I knew what Magna, Summa and Cum Laude were by third grade in the late 1950’s. I also knew about my father’s “impotence” at the same age, long before commercials with “Dueling Bathtubs” and ED. Any idea how hard that word is for a kid to look up? And WHY was my “Mother” disclosing such personal stuff to me, her kid in Catholic school during those years? There are some topics we NEVER want to know about regarding our parents and sex is RIGHT AT THE TOP. We’re NOT your “BFF.”
    We’re KIDS. Allow us to just BE kids.
    Bruises fade. Broken bones mend. Burns scar over. It is the psychological abuse that leaves the longest Legacy.
    If you as a parent are willing to look up information regarding “Emotional Abuse,” you know you’ve crossed the line and please know, FWIW, you have this old widow’s respect. Maybe you grew up with the same stuff, and YOU want the Legacy to stop with YOU: More likely than not, it WILL. As kids we are are beyond belief forgiving. We are born hard wired to bond with you. We do love you absolutely unconditionally as only an innocent child can.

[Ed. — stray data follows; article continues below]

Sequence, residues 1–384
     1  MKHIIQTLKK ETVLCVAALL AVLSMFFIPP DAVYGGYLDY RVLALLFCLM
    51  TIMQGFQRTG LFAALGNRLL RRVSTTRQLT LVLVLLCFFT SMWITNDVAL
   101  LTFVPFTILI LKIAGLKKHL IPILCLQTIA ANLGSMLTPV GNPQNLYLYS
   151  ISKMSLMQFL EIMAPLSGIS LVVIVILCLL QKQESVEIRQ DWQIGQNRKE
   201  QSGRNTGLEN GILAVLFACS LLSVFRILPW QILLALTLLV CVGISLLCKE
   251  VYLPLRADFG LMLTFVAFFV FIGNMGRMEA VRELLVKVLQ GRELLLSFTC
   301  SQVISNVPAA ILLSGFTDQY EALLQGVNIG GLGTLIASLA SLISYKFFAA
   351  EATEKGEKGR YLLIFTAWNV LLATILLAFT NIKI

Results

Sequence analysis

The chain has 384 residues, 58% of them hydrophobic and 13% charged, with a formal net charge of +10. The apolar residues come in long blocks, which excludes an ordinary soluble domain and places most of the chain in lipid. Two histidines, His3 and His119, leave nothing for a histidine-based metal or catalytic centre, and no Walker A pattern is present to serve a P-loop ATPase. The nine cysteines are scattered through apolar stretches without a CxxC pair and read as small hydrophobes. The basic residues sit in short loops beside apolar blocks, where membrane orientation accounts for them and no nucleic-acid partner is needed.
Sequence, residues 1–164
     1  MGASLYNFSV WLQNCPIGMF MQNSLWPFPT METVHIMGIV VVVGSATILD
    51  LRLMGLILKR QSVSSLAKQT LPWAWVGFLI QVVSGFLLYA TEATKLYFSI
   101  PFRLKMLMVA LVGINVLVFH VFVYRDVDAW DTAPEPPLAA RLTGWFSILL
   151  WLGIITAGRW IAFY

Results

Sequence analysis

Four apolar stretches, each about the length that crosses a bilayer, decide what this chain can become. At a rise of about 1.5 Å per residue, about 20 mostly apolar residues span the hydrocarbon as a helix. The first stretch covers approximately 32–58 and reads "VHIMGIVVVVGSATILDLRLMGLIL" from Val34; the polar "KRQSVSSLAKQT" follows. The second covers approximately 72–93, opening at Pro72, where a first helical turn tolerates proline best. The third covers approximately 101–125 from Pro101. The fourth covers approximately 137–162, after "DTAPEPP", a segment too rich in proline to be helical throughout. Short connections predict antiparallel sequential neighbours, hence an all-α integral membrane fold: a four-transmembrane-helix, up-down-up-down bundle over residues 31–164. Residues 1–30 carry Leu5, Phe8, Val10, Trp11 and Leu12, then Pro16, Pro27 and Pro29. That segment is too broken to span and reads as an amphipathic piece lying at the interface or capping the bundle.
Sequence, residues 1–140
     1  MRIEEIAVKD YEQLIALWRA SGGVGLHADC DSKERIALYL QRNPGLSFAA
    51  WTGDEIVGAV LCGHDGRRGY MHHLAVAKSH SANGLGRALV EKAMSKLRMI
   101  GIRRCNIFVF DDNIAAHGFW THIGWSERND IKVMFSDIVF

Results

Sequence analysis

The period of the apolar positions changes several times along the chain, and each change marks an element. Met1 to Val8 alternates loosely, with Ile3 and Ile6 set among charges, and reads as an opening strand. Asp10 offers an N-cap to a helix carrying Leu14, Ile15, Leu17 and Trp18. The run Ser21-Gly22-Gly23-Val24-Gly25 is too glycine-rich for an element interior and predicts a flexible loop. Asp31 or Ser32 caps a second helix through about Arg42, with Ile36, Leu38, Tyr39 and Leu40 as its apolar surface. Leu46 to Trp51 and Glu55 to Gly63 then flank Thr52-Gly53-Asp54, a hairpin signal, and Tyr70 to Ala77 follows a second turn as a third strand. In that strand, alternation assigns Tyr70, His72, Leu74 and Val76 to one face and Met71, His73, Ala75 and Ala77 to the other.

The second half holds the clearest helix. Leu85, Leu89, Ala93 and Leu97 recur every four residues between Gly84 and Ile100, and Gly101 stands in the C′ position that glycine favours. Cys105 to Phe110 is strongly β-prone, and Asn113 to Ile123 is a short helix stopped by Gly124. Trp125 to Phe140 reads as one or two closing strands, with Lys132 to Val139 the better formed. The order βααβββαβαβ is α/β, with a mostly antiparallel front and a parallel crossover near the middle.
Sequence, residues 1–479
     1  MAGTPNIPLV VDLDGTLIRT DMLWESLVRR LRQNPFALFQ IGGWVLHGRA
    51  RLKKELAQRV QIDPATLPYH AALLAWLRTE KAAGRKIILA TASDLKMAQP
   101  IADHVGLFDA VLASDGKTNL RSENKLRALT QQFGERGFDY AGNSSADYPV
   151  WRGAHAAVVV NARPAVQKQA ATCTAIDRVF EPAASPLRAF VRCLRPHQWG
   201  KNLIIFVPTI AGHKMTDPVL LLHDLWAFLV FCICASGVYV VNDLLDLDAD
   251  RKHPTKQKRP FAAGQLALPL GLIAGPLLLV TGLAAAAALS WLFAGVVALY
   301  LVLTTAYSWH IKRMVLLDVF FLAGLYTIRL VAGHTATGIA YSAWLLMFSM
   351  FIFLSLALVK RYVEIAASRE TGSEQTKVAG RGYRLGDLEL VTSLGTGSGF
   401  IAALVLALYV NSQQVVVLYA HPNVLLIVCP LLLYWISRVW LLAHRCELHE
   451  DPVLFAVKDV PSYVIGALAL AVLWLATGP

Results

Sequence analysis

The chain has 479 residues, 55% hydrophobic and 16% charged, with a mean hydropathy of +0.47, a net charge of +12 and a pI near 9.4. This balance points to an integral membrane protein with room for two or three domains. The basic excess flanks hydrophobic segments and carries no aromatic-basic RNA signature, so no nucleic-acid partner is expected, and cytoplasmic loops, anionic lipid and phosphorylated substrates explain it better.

And if you’re criticizing this site, maybe it hits too close to home. Most likely your Adult Child has told you realities you’re not ready or willing to accept.
    Otherwise, check out Alice Miller’s work. There is hope-but ONLY if you as the parent are willing to do it.
    Our’s is DONE: We were way too old, way too soon.
    TW

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  2. Tundrawoman, I’m sorry for what you went through. I can relate in many ways, and what you write helps me feel less alone. I too grew up Catholic, and knew about my father’s impotence. One of the reasons I knew is because as a teenager my mother, on at least one occasion I distinctly remember, treated me like a counselour and told me some of their sexual issues. I had already been exposed to his porn for years, being there when he bought it etc, and never was there a thought or care about the effect this had on me. When I told my mother I knew why my father was locked in the bathroom all night she laughed. She also routinely threatened to leave, alone, and “go back to her people” whenever they fought. Many other things, threatening to take the toilet paper away from me and my sister and we could use our hands, etc.